“As much as these are taonga (treasures), this is also a living whare that people will touch. But over time there has been damage.

“At the moment we are just focusing on the tukutuku and whakairo to be ready in time for the opening of our wharekai, and we will focus on the kowhaiwhai (painted rafters) later.”

Hours of intense labour

To clean a house as large as Te Poho o Rawiri requires many hours of intense labour. To ensure the mahi gets done, a core group of whanau members have been giving up their free time to give back to their pa, through either cleaning or cooking kai for the workers.

“Thousands of hours of work are involved in this project, and we have had a solid crew of our whanau come in each week.

“We’ve had weekend wananga and we work week nights also. As well as being intensive work, it is intensive learning and it is rewarding work. We have our aunties come in, we have our nieces and their kids involved.

“Sometimes you’ll see the kids going hard, cleaning with their parents. Even some of our three-year-old babies. It’s a beautiful sight. When they get older they will be able to tell their kids that they were involved in this.

“It’s great because whanau have an ownership in this mahi, and they get the chance to be part of something much bigger. It’s a once in a lifetime experience, that is spiritual and emotional.

“While we’re in here we’re talking about the whare and the stories behind it. I will say to our whanau, ‘listen to the whare and it will tell you the stories’.”

The wharenui holds the whakapapa and the history of the people, but it can also hold things for the future, says Elizabeth.

“When we come into our whare we’re not only talking about the history. Stories evolve to reflect whats happening in our lives now. Plus, doing this mahi gives us a chance to whakawhanaunga (strengthening family bonds by spending time together).

“We’re catching up and chatting with people we haven’t seen for a while. We talk about what’s been happening, we have a few laughs and discuss our cleaning techniques. We’re all brought together by a common purpose. So while we’re giving life back to the whare, the whare gives life back to us.”

Elizabeth said there is plenty of work still to do with half of the house now complete.

“We welcome anyone to come and be part of this project. It’s rewarding work. It’s meticulous. So if anyone has called you fussy or a perfectionist, this is for you. But most of all, if you want to be part of something special, to ensure the future of our whare, come along.”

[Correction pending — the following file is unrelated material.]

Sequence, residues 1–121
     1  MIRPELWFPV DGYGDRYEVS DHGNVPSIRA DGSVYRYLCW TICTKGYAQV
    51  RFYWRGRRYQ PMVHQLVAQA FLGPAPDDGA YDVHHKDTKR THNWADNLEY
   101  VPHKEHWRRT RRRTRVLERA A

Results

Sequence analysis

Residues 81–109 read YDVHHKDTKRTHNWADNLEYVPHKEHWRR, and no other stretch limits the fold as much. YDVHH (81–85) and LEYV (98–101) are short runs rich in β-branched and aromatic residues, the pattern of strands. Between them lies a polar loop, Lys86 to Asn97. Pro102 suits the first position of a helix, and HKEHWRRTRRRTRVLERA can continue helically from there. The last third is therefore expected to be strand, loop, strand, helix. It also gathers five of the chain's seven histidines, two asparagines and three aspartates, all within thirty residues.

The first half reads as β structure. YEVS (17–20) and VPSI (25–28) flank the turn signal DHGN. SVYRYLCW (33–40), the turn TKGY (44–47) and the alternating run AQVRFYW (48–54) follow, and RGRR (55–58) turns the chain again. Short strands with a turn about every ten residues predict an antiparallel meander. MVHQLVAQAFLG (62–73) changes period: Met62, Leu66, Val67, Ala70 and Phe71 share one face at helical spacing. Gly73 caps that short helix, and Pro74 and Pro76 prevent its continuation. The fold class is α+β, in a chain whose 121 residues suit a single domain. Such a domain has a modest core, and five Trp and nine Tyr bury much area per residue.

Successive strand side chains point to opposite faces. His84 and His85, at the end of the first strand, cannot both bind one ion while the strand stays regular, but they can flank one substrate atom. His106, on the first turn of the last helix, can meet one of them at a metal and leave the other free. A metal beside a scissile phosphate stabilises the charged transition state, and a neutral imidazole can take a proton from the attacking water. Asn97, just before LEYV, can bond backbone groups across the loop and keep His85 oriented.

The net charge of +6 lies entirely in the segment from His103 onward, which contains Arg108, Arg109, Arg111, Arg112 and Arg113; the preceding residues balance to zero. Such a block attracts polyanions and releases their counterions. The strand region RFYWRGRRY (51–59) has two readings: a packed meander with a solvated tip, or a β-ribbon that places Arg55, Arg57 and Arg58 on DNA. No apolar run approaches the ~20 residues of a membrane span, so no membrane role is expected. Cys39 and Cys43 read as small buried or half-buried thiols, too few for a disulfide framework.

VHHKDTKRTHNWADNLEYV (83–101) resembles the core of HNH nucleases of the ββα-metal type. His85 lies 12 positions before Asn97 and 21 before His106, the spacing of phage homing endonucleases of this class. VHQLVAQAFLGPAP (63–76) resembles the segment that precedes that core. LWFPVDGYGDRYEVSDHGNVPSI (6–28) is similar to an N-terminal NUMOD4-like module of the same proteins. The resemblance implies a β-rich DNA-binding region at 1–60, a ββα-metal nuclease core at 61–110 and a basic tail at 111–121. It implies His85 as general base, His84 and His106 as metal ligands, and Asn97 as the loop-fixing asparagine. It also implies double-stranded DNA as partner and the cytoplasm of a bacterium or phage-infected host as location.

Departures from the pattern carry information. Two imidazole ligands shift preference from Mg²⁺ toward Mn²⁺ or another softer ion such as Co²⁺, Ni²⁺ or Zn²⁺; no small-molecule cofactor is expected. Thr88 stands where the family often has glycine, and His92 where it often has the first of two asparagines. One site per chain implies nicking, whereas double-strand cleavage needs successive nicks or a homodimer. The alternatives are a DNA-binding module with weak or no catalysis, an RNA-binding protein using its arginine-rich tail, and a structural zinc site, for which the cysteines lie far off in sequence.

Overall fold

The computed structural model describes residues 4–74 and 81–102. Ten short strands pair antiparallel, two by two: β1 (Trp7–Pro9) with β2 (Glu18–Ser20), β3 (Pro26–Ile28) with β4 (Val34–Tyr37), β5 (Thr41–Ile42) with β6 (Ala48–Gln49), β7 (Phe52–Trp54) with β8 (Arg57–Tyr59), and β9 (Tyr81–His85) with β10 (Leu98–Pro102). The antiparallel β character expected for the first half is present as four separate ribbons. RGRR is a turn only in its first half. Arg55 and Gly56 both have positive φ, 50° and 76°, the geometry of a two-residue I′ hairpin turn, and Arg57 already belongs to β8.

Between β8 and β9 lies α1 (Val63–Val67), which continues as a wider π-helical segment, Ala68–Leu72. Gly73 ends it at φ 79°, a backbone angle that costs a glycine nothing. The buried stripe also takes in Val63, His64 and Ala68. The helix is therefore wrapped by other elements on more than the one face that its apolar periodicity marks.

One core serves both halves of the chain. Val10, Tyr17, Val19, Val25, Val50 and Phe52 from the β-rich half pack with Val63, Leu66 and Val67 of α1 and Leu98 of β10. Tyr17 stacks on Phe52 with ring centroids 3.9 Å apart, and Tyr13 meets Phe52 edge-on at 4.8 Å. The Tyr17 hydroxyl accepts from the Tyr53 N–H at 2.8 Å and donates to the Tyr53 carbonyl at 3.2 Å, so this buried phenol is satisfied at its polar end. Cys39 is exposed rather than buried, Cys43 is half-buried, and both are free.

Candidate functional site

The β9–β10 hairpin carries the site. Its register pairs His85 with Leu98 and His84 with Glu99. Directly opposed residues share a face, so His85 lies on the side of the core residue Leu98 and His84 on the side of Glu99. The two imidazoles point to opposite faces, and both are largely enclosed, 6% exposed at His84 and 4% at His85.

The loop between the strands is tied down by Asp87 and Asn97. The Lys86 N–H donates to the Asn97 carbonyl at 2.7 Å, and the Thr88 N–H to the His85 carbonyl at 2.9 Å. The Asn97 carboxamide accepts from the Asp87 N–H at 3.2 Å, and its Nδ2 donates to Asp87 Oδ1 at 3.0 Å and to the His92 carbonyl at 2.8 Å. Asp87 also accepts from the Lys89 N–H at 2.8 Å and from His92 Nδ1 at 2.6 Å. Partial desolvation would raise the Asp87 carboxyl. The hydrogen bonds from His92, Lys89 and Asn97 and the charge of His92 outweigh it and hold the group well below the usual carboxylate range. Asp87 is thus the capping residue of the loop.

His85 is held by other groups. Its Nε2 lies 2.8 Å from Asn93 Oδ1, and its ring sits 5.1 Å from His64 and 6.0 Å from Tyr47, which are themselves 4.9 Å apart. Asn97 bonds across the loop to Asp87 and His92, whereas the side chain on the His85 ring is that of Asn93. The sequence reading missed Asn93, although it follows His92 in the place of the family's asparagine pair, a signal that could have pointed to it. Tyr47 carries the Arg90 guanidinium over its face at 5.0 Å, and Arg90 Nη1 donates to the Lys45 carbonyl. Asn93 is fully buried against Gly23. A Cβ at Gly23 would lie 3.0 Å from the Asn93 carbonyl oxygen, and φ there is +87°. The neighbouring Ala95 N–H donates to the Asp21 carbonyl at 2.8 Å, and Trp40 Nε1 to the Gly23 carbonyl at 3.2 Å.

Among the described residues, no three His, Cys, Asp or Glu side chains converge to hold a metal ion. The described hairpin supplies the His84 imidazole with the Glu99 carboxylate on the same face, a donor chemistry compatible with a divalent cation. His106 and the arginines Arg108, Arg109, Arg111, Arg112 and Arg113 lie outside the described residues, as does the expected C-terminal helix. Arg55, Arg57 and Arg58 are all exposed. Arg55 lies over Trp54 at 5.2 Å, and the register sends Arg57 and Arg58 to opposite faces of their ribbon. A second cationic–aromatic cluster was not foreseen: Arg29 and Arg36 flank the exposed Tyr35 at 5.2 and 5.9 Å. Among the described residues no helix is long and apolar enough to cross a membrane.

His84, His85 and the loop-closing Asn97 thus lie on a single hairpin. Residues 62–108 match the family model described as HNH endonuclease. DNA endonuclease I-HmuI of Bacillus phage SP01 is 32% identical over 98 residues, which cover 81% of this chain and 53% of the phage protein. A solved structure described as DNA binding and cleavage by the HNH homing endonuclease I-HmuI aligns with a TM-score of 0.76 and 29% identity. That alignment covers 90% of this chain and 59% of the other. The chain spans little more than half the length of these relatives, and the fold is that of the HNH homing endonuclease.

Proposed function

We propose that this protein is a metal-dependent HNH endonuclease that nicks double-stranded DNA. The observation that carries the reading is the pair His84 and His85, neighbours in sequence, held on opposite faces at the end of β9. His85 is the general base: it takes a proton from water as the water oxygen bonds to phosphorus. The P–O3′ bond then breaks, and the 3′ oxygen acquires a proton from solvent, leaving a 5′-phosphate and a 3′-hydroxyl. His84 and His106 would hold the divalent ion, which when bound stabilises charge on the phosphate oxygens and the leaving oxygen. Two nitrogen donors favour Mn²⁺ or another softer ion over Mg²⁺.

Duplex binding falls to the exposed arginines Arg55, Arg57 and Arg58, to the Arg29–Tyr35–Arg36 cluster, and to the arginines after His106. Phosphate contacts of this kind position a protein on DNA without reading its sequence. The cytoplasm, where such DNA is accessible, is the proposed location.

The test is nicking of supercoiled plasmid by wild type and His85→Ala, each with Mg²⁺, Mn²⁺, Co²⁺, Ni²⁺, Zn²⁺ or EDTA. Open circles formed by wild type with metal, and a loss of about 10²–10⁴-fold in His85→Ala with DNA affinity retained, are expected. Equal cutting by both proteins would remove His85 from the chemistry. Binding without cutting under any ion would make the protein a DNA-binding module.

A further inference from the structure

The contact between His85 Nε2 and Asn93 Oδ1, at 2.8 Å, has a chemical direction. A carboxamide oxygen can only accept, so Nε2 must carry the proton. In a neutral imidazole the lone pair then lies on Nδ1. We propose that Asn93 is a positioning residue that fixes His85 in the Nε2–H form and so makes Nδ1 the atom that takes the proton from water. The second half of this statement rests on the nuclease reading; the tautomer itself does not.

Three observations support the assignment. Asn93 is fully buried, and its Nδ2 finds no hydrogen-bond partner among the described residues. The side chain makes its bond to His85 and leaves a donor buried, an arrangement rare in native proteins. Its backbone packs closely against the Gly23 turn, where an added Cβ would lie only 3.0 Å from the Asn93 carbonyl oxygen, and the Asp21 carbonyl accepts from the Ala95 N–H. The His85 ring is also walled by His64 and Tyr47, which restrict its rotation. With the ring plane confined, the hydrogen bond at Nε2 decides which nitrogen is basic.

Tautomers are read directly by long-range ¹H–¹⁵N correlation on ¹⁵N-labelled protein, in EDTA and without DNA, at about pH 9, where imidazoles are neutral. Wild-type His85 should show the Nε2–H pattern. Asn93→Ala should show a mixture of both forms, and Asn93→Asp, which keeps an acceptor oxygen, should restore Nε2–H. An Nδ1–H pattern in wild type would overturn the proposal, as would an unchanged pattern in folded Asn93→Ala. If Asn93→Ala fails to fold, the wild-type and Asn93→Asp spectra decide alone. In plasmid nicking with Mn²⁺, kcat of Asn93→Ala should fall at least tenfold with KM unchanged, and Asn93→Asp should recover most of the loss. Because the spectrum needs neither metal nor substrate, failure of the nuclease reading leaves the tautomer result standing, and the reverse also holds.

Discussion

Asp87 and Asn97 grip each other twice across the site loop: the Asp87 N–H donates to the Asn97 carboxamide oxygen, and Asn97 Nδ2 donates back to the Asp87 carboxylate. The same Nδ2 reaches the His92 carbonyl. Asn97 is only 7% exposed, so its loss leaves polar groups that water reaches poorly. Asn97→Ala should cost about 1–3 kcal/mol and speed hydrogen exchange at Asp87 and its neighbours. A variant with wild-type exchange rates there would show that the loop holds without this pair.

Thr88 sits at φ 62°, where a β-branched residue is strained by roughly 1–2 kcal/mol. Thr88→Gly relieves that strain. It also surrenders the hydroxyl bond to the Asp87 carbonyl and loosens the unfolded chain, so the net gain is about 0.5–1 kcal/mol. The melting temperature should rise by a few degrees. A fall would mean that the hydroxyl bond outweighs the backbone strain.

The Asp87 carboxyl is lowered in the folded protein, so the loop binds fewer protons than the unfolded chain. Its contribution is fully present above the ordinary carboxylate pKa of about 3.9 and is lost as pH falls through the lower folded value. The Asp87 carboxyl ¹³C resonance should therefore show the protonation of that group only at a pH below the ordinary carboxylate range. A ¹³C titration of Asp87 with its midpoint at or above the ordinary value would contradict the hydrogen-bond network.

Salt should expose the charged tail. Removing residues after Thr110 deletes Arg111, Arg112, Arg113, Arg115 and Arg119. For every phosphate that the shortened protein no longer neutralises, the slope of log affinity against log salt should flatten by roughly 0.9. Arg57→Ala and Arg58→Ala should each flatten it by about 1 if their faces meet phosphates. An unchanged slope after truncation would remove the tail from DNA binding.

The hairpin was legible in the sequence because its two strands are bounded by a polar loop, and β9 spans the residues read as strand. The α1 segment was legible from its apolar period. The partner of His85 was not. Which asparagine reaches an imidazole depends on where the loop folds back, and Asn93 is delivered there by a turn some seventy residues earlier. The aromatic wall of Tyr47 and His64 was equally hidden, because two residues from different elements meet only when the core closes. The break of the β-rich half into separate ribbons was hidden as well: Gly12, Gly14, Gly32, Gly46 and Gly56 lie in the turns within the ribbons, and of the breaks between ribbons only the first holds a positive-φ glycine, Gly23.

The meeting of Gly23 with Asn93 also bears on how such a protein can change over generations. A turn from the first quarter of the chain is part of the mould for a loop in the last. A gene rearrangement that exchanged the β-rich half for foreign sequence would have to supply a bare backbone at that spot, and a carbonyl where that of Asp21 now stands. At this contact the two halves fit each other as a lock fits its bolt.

For the past few months, the whanau of Te Poho o Rawiri Marae have been “going to the Pa” in their free time to clean the taonga of their beloved wharenui. This is no chore, rather it is a labour of love and a chance to get up close and personal with the treasures and history that rests upon the walls of their whare. Shaan Te Kani gets an insight into the restoration project taking place inside the famed ancestral house, which celebrated its 88th birthday this week.

It has been all go at “the pa” lately. There have been builders, diggers, cranes and concrete layers — Te Poho o Rawiri Marae is a live construction site, and one for all to see.

Nestled in the heart of Kaiti, at the foot of the ancestral mountain Titirangi (Kaiti Hill), the marae is undergoing a major redevelopment project.

It includes the rebuild of the wharekai (dining hall) Te Poho o Hine i Tuhia, a new toilet and ablution block, a new retaining wall, and the outdoor covered area named Papawhariki (after the original name of Sponge Bay) is getting a spruce up.

But what isn’t so visible from the roadside, is what is happening next door in the ancestral house.
While contemporary work is happening outside with the rebuild, a restoration project of the whakairo (traditional carvings) and tukutuku (woven panels) is happening in the whare.

Named after the Turanga chief Rawiri Teeketuoterangi and affectionately known as “Poho”, the whare celebrated its 88th birthday this week. It is the third meeting house by that name, and its current home is its third site.

Build was led by master carvers

It was established under the guidance of the late Ngati Porou leader Sir Apirana Ngata, and the build was led by master carvers Pine and Hone Taiapa.

The building was completed in 1930 and since then it has played host to numerous auspicious occasions — often used by the region to welcome dignitaries, and as a venue for key hui and events.

The recent birthday milestone was more of a humble and intimate affair. The hau kaenga (home people) celebrated last Sunday with a shared lunch and cake, and shared stories of the marae history as well as providing an update on the rebuild and restoration projects.